Finding Fiction - Idaho By The Sea
Release Date: June 2, 2009
Record Label: Unsigned
For a music critic, "indie rock" is a miserable genre... to describe. It's painfully vague, over-encompassing and always applicable, but if I were to try - just try - to wrap up a primitive definition of indie rock, I'd probably present Finding Fiction. They're from New York City. Their album is called Idaho By The Sea, and it's playing in the background at your favorite vegan pastry spot.
So even though you don't know who is warbling through those shop speakers, don't get too down on yourself. Finding Fiction don't do much to separate their sound from the skeletal structure of any parentally safe indie rock band. The melodies for the whole of Idaho are derivative and basic. Finding Fiction is making pop music, yet the hooks are washing over with minimal lasting value. When the band coughs, everything checks out all right, but their sequencing is safe, like fingersnaps or a reflective vest. The vocalist for Finding Fiction has a throaty drawl that exercises very little wow, making his general upkeep sound just about as ordinary as possible. There's no more than a few instrumental aspects about this album that can barely be considered only children. But we can't all be Animal Collective. For most of us, we can just hope to be mildly stimulating.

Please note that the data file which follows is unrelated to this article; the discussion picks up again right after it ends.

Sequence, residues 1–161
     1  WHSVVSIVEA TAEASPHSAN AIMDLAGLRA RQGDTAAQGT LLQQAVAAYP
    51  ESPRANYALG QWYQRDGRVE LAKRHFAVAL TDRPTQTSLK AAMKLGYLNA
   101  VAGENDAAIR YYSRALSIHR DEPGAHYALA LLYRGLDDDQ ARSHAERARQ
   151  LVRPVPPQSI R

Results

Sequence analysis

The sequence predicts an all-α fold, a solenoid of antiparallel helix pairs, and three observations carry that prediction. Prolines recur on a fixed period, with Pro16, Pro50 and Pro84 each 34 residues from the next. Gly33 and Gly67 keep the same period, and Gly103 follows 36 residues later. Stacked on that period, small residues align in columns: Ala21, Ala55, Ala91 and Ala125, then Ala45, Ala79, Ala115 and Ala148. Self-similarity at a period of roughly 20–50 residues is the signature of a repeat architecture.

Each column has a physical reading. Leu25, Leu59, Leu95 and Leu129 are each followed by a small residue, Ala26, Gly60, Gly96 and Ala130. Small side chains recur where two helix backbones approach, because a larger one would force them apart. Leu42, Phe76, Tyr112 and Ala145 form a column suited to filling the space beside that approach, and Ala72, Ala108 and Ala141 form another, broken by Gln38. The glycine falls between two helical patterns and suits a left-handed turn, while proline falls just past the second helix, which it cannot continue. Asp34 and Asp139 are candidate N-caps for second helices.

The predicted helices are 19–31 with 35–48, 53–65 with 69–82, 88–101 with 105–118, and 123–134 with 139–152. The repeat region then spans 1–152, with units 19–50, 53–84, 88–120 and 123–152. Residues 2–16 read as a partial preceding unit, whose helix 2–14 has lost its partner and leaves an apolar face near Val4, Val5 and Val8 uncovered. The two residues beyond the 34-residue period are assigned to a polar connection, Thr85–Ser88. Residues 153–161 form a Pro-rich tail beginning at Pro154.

And that's exactly where Finding Fiction exists in the context of their genre: mildly stimulating. At its worse, it's dull with cautious tempers on takes like "Big Sky Blue" and "Subway Train". At its best, it's casually fun, like drinking dice games or Applebees. Album opener "I'll Buy" is a perky tune with lively percussion and a clincher chorus line: Traded water in for wine, and I'll buy, I'll buy/Before you bother with goodbye. "Killing Time" is the album's shiniest gem; guitars gingerly powder and layer while the singer makes his point about how "we're all just killing time." The chunky vocals on "Imitating You Imitating Me" match well with the song's fluid switches of plucking and strumming. When the band embraces their approachable, neighborly charm with acoustic call-to-arms, it pays off with "Cheap Shot Advice" and delicately alt-country album ender "Home". Endearment dribbles up from the woodwork, and it's almost enough to encourage a change of heart. Then I remember that I prefer my music with risk, color and variability.
As much as I would like to like Finding Fiction, because they're probably very nice fellows and they do nothing wrong, per se, Idaho By The Sea creates no spark to fire for me or for the genre. But that's the problem: they don't try to do something wrong. Their efforts should not be overlooked for the sake that Idaho isn't dreadful (although that might have been more exciting), but the record carves a niche of background pitter-patters, and that's about it. Boring indie rock isn't fun. Dictionaries are boring and so are definitions.